Scorched: Extreme Heat and Real Estate

Extreme heat is an increasingly severe climate change impact across the United States - to the environment and natural resources, public health, infrastructure and ultimately, the economy. Scorched provides an overview of extreme heat’s implications on the built environment and current and future real estate markets. Heat mitigation and adaptation strategies are discussed related to building design, building materials, green infrastructure and public space design. Case studies highlight the how the real estate sector is leading in implementing ‘heat-resilient’ building designs and land uses. The report also offers new climate adaptive policies to mitigate the infrastructure impacts of extreme heat, and to protect human health.

The report describes how extreme heat may influence urban environments and the urban heat index, infrastructure, investments and local real estate markets. Developments that are not prepared for extreme heat will be affected by: consumer preference for comfort; building longevity, maintenance and operations; higher energy use and cost for cooling buildings; business continuity/interrupted operations from events such as electrical grid failures, transportation interruptions, wildfires, and water shortages; liability for system failures, suffering tenants, building degradation etc.; and future regulatory measures to require building or site retrofits.

Numerous Extreme Heat Mitigation and Adaptation Strategies are described for buildings, sites, and at the district scale in the following areas:

  • Building Design: orientation, shape, massing
  • Building Materials and Engineering: Building envelopes, shading structures, waste heat reduction, HVAC, lighting, sensors and smart buildings
  • Light-colored and reflective surfaces: Cool roofs, cool walls, cool pavements
  • Green Infrastructure: green roofs, green walls
  • Operational Changes: thermostat control, schedule modifications
  • Urban Development Patterns: urban geometry and density, waste heat reduction, ventilation corridors, urban canopy, and water features

Case Studies on Real Estate Development profile how some progressive developments have been designed to incorporate extreme heat resilience strategies, and the beneficial outcomes. The case studies detail the development project, extreme heat management features, site-specific strategies, how heat is being mitigated and implications on the community and local economies. The case study on Edison Eastlake in Phoenix Arizona demonstrates these site specific strategies:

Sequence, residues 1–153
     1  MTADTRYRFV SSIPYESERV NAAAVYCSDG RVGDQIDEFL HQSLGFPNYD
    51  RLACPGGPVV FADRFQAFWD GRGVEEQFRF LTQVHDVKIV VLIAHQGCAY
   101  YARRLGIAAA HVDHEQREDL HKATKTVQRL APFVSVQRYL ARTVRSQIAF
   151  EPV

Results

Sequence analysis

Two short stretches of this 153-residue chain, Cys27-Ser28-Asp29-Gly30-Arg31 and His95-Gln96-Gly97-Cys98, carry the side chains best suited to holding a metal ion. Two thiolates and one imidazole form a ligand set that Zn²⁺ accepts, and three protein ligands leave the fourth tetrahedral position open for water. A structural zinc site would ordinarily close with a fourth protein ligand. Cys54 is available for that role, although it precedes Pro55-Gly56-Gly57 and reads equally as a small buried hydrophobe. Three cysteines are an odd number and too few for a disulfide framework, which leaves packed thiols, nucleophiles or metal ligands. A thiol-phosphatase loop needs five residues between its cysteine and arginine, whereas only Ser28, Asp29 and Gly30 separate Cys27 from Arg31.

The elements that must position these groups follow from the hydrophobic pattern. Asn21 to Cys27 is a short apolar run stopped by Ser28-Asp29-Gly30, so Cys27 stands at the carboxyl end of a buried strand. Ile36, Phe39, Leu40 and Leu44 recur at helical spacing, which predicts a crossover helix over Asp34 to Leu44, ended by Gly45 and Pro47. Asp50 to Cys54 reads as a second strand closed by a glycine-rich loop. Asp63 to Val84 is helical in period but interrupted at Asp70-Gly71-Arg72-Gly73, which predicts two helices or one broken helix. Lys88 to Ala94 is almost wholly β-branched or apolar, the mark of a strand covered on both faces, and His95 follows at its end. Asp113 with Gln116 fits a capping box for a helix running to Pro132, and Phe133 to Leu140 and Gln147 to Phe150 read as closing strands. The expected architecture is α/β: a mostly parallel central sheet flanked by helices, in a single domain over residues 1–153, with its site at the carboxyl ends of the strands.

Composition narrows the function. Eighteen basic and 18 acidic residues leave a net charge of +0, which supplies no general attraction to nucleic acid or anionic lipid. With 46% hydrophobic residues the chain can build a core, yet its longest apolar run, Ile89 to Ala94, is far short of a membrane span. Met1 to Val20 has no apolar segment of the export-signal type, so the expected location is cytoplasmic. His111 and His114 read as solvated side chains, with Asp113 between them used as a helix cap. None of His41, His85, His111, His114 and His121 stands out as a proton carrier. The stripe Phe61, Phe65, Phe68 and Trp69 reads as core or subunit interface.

Part III - Extreme Heat Policy Landscape reviews policy options for managing extreme heat, which can involve building safety and efficiency standards, urban greening, public space design, and social services - and often build asset value and address other environmental concerns. Although heat policies have historically been directed at social and emergency services, they are starting to target land use, real estate, building, and public space design.

The report reviews emergent and innovative heat-mitigation policies relevant to the real estate sector including the following:

  • Citywide Temperature and Reduction Goals
  • Cool Wall Standards
  • Expanded Urban Canopy and Greening Programs
  • Rebates and Incentive Programs
  • Thermal Comfort Policies
  • Occupational Hazard Policies
  • Community Engagement and Connection Programs

Case Studies on heat mitigation policies are provided that have been enacted by local governments. Each case study offers specifics on how the policies were developed, the local heat impacts, extreme heat resilience strategies, and the outcomes (as of publication). The Policy Case Studies include:

Cool Neighborhoods NYC 

- Green Roof Bylaw and Eco-Roof Incentive in Toronto, Canada 

- Cool Roofs and Roads in Los Angeles, California 

- Urban Canopy Policy in Cincinnati Ohio


Publication Date: August 2019

Authors or Affiliated Users:

Related Organizations:


Resource Category:

Resource Types:

  • Best practice
  • Case study
  • Policy analysis/recommendations


Go To Resource